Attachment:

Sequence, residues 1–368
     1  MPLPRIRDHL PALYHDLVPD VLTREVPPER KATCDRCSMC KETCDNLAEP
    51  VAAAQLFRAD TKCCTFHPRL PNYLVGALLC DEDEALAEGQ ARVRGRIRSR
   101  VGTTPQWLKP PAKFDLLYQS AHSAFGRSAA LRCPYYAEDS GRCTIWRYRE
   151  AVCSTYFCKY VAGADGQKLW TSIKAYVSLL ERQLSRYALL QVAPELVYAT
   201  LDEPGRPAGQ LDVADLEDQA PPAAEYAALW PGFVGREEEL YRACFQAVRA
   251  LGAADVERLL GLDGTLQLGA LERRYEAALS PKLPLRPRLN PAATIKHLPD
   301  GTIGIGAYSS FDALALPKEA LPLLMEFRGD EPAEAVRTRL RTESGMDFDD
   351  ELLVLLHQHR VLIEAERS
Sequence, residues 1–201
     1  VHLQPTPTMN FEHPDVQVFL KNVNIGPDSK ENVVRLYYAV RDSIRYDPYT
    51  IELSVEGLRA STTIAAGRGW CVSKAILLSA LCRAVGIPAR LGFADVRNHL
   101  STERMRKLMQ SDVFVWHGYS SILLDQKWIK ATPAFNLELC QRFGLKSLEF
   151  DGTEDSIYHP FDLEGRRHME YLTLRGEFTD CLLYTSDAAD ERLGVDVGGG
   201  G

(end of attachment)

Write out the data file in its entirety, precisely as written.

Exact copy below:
Sequence, residues 1–368
     1  MPLPRIRDHL PALYHDLVPD VLTREVPPER KATCDRCSMC KETCDNLAEP
    51  VAAAQLFRAD TKCCTFHPRL PNYLVGALLC DEDEALAEGQ ARVRGRIRSR
   101  VGTTPQWLKP PAKFDLLYQS AHSAFGRSAA LRCPYYAEDS GRCTIWRYRE
   151  AVCSTYFCKY VAGADGQKLW TSIKAYVSLL ERQLSRYALL QVAPELVYAT
   201  LDEPGRPAGQ LDVADLEDQA PPAAEYAALW PGFVGREEEL YRACFQAVRA
   251  LGAADVERLL GLDGTLQLGA LERRYEAALS PKLPLRPRLN PAATIKHLPD
   301  GTIGIGAYSS FDALALPKEA LPLLMEFRGD EPAEAVRTRL RTESGMDFDD
   351  ELLVLLHQHR VLIEAERS
Sequence, residues 1–201
     1  VHLQPTPTMN FEHPDVQVFL KNVNIGPDSK ENVVRLYYAV RDSIRYDPYT
    51  IELSVEGLRA STTIAAGRGW CVSKAILLSA LCRAVGIPAR LGFADVRNHL
   101  STERMRKLMQ SDVFVWHGYS SILLDQKWIK ATPAFNLELC QRFGLKSLEF
   151  DGTEDSIYHP FDLEGRRHME YLTLRGEFTD CLLYTSDAAD ERLGVDVGGG
   201  G